Forget websites and email, the latest online marketing tool is social networking, through sites such as Bebo and Facebook. Essentially online communities, where people communicate through their own personal web pages, social networks offer huge potential for companies keen to raise awareness of their brands.
Yet a top online marketing expert, Alan Spurgeon of London-based online marketing company TH UK, says: "The bakery trade is guilty of not adopting online marketing techniques, like many other traditional industries. This is often down to a fear of technology."
However, forward-thinking companies that embrace the internet are able to steal a march on their competitors. "Companies that are flexible and modern have gained advantages over bigger organisations that have been either slow or failed to grasp the potential available online."
One of the largest plant bakeries in Ireland, Pat the Baker, is increasing its spend on social network-based marketing, following a very successful campaign on Bebo. The company has already spent up to E50,000 (£47,000), or 12% of its marketing budget, on Bebo and brand manager Oliver Durkin says that expectations have been met several times over. "Bebo is a bit like a shop counter, where we talk to our customers daily," he says, announcing plans to increase spend on Bebo.
Another bakery company in England, Outsider Tart, also finds social networks a useful way of promoting their business, complementing other online media. Set up in London just over 18 months ago by David Muniz and David Lesniak, both from the US, the company supplies US-style cupcakes, as well as muffins, scones, sweet pies, fresh tarts and morning goods, which are similar in texture to muffins. They also do "yummy treats for your pooch", including pupcakes.
The firm trades from its website and through its order line, delivering to any address in greater London, as well as selling at farmers’ markets in London. Its page on Facebook was set up just over a year ago by Muniz and Lesniak and is updated by Susann Jerry, the freelance marketing and PR consultant they employ. She says: "We get a lot of input from our Facebook family and we use other sites, such as YouTube, Flickr and the blogs on I-love-cupcakes."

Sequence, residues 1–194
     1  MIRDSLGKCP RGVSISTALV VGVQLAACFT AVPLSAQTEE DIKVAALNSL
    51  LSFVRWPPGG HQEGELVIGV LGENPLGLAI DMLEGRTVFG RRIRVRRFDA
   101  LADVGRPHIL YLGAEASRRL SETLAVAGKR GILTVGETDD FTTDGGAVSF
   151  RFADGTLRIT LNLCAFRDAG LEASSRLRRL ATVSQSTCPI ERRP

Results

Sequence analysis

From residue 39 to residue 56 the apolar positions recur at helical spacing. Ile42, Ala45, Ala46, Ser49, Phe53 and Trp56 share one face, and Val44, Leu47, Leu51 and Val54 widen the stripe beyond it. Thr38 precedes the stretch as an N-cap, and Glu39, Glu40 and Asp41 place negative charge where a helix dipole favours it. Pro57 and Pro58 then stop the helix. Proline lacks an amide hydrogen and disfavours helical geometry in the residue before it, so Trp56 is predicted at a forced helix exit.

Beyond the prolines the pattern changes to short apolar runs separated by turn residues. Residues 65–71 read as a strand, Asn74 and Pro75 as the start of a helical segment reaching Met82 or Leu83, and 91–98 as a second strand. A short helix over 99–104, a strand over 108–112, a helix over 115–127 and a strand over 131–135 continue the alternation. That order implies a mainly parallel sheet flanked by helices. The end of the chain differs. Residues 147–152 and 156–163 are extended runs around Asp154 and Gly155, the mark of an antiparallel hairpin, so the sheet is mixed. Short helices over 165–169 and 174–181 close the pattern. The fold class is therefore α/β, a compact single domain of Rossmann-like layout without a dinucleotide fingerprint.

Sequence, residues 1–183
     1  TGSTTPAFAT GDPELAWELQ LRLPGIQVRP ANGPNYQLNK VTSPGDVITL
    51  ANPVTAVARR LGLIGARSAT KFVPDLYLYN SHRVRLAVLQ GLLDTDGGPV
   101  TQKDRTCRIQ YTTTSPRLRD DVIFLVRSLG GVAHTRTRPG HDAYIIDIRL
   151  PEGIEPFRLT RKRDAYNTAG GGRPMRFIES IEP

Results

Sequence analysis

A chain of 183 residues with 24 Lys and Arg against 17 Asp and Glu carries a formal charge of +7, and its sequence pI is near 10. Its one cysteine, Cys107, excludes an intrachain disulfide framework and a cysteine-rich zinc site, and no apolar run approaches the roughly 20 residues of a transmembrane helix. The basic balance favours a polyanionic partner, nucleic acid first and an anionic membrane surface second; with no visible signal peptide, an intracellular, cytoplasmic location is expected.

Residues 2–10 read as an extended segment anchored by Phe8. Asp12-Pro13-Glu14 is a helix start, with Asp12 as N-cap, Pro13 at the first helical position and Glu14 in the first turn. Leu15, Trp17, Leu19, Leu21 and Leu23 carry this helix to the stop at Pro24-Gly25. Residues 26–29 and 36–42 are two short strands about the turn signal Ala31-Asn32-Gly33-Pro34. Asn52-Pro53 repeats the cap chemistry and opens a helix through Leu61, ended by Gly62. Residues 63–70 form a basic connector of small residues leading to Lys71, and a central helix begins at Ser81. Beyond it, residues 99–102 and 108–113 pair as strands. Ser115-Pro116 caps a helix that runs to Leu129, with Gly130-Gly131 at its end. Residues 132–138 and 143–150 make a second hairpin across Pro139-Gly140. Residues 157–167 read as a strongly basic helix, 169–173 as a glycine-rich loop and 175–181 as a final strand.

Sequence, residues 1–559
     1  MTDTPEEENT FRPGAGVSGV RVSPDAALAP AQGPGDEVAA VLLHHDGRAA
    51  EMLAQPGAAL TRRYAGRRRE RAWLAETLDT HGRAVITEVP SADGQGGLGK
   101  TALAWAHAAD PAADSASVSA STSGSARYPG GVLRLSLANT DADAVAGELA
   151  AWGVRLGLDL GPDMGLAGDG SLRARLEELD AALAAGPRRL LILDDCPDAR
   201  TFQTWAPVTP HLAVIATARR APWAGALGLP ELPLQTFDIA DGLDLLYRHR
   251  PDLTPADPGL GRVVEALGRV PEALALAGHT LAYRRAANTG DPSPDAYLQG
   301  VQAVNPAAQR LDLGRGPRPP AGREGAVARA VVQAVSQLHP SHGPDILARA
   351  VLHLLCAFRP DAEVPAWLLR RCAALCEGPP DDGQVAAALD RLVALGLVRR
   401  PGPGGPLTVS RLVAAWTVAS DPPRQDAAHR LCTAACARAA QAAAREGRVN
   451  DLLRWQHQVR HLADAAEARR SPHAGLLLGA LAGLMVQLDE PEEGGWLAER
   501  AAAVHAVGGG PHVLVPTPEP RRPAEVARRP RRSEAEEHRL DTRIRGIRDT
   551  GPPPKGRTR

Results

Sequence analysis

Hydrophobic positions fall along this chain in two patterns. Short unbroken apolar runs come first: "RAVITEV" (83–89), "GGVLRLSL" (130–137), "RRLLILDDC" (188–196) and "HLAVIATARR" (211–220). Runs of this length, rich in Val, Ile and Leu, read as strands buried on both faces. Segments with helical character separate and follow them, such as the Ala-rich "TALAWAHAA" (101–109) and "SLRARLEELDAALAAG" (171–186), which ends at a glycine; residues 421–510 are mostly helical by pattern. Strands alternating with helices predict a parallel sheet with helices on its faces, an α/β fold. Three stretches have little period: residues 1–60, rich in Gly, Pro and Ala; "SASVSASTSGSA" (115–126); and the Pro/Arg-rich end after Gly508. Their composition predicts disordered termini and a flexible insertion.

She adds that, as a former newspaper journalist, it takes very little time each week to keep the Facebook page up to date. The company’s website is also important, along with other aspects such as the monthly emailed newsletter.
On Facebook, she aims to highlight items such as upcoming news of farmers’ markets, new lines and masterclasses.
"We’ve also had a lot of editorial coverage in newspapers and magazines, such as The Daily Mail, London Lite and Vogue, as well as online media like londonist.com. We’ve never done a single piece of advertising," she says.
Pieminister, in Bristol, was started in 2003 to supply high-quality gourmet pies. Director Jon Simon explains that they use several social networks, such as Facebook, Bebo and MySpace. He says: "In terms of marketing returns, they are pretty good, as they are free to us, but they are very difficult to monitor". They spend a couple of hours a month updating their entries.
But, adds Simon: "Our website is much more important than the social networks for our marketing and we put a lot of effort into directing people to our site. That’s the key. You have to get the word out through all media and wait for the hits."
In terms of what online media are best for repeat business and recruiting new customers, he concludes: "You can learn a lot from poking around in the back pages of Google."
Alan Spurgeon of TH UK, which has done some minor online work for bakeries, says bakeries needlessly fear the perceived complexity of online marketing. "Online marketing blogs are very cost-effective and can be run by non-technically skilled people, yielding tremendous results," he says.
Another UK online marketing specialist, Susan Hallam, managing director of Hallam Communications in Nottingham, says there is a wide range of free social marketing tools that bakeries could be using, such as Qype. Bakeries can also benefit from putting video interviews about their business on sites like YouTube.
Ultimately, how readily social networking is embraced by bakers is a generational question. Robert Ditty, who heads the artisan bakers’ group in Ireland, admits that they are not using online enough. He says: "We’re all of an age not to have been brought up with PCs, but the next generation of bakers will communicate better online."